Cadafalls’ reactions to the card started to reflect upon the crowd. At long last they were getting the desperation they had come for. It smelled of blood and excited them. Shouts here and there were replaced by a general bedlam. The square was invaded by a flood of ovations. People were celebrating; the show would be worth it.
‘Came all the way from Mortarlore to see it!’ somebody cried.
‘Finally! Show us some pain!’ this one lifted up his child so it could have a better view.
Cadafalls was so mesmerised by the visiting card he didn’t realise what the crowd was doing. Neither did he hear it when the Hangman tightened a rope that was attached to the trapdoor and which he had in his hand.
‘Hang! Hang! Hang!’ the crowd demanded. The letters on the card changed yet again:
If you want our help… you will have to cry.
Another sentence followed immediately:
In the most dramatic fashion.
Cadafalls swallowed hard without even noticing.
You’ve seen an execution before,
have you not?
The card changed again:
But if you don’t want our help…
The card was completely blank for a painful second.
Then, a new sentence slowly appeared.
…then, die in silence.
After this last sentence, the letters rearranged to show Cavalry again.
Next the purple flame consumed the visiting card and left no trace of it in the air. Cadafalls was facing the thirsty mob again.
A priest who had been standing nearby quite unnoticed approached him.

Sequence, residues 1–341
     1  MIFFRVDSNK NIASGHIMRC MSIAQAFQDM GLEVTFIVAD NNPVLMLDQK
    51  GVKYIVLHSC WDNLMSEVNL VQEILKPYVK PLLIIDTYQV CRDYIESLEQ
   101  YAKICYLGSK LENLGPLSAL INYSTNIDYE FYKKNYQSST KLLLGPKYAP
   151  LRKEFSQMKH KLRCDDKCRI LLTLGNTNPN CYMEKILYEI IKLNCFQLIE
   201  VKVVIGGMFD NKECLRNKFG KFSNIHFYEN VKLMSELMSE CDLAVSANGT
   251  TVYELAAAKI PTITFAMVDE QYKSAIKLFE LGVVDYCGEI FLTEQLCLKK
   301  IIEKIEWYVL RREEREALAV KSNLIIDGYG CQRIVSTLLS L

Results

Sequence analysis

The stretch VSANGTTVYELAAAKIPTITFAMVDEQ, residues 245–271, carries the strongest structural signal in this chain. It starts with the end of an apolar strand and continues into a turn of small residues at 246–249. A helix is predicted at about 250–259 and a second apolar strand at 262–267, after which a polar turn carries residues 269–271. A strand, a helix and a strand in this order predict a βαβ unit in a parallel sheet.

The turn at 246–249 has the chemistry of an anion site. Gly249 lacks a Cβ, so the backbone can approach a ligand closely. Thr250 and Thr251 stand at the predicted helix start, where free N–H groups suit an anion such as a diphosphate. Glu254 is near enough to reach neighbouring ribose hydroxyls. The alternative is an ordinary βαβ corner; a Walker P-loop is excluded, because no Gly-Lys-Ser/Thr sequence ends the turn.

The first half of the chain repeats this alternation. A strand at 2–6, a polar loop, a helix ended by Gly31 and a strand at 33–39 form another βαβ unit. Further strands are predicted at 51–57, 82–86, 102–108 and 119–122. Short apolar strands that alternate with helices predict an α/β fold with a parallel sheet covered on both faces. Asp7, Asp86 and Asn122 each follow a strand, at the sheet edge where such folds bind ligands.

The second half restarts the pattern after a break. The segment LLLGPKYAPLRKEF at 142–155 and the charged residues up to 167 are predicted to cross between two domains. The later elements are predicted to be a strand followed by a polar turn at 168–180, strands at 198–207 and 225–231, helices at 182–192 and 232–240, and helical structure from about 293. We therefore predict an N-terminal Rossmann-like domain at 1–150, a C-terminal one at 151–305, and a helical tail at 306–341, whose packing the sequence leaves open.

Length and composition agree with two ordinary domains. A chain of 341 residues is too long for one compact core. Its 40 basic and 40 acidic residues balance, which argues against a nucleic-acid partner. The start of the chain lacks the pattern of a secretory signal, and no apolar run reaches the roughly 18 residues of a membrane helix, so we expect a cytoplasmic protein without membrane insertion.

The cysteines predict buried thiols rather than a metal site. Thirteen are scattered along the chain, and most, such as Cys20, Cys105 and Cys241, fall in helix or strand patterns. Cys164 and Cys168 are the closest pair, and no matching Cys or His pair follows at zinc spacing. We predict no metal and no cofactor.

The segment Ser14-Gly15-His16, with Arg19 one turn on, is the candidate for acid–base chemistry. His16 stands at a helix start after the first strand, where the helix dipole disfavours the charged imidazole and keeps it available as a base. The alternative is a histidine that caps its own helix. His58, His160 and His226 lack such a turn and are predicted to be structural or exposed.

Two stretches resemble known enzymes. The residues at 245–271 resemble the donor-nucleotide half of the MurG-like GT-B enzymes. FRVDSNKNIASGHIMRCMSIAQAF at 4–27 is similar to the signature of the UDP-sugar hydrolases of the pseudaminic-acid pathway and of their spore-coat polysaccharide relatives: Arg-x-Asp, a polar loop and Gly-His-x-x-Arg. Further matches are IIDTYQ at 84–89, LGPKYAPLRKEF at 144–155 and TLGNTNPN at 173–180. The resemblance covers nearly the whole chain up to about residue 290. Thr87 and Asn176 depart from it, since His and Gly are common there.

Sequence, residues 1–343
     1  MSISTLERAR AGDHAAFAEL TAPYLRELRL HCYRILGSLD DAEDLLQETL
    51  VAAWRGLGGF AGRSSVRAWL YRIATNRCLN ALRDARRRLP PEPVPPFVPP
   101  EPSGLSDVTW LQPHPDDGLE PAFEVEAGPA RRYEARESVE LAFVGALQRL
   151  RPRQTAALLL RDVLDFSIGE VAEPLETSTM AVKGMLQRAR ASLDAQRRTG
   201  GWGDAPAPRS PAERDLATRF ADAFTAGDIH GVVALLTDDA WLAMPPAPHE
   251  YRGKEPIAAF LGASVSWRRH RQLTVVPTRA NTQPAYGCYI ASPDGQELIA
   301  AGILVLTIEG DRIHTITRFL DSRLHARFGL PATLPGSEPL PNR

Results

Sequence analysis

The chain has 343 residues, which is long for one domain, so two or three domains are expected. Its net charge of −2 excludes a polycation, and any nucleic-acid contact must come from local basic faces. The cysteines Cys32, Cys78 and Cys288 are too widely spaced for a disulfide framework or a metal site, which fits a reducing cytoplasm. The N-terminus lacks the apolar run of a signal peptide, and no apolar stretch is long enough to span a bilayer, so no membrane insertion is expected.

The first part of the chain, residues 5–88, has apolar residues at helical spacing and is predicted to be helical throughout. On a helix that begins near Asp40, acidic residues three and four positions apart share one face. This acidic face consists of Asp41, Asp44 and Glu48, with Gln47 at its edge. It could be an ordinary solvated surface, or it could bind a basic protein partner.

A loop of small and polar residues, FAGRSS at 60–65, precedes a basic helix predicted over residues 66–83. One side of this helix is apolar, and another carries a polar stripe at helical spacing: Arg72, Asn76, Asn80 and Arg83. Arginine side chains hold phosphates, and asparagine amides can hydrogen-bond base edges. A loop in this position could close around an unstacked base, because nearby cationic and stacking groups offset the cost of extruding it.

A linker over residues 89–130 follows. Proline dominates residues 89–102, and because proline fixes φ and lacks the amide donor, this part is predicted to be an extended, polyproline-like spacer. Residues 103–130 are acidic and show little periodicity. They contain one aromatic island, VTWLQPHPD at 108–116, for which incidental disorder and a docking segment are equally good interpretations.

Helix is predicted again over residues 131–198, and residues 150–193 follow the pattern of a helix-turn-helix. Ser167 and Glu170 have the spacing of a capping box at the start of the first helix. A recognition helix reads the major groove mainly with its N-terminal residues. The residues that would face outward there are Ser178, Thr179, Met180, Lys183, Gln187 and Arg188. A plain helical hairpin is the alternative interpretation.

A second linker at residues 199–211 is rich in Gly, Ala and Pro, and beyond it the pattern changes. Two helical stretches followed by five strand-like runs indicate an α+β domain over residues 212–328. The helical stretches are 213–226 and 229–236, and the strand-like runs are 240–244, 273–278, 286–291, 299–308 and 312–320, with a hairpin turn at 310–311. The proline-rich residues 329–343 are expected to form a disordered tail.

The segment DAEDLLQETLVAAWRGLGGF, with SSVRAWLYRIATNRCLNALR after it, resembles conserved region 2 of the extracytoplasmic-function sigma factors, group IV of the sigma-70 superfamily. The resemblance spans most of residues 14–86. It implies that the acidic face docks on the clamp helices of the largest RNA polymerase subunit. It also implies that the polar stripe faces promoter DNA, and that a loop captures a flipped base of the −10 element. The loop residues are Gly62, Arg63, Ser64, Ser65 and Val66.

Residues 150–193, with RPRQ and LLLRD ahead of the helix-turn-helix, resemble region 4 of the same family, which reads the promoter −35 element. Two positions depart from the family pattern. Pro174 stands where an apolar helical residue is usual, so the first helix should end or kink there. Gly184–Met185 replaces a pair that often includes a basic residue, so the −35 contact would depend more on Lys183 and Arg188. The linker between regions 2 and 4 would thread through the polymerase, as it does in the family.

‘May God hear you in this time of distress. Do you repent your sins?’ the priest asked in a coarse voice.
Cadafalls could smell his putrid breath even though the priest had not come too near him.
‘Do you repent your sins?’ the priest insisted. Still, no answer came.
‘Answer, vermin!’ the Sheriff intruded. Cadafalls didn’t say a word.
‘God will hear even those who remain silent’ said the hooded figure; he blessed Cadafalls and returned to his place.
‘Hang! Hang! Hang!’ the crowd continued. The Sheriff gave the Hangman a nod.
It was time.
The Hangman was ready to give the rope a quick pull and open the trapdoor beneath Cadafalls’ feet. Then, it started.
At first, it was a shy sob, but it quickly grew into a desperate cry that almost left him breathless. Thick teardrops ran down his face. Cadafalls cried.
The shouting of the crowd was absolutely unbearable now. For them, the hanged man had just understood what an execution was all about.
A sigh came under the Hangman’s hood.
Cadafalls continued to cry, pushing his throat to the limit. He was about to get hoarse; his eyes were red and swollen.
‘Hang! Hang! Hang!’ the crowd yelled.
The Hangman agitated them even more with one of his arms in the air.
‘Hang! Hang! Hang!’
The last thing Cadafalls saw was the Hangman staring fixedly at him.
He felt the trapdoor beneath his feet open and went blind for good.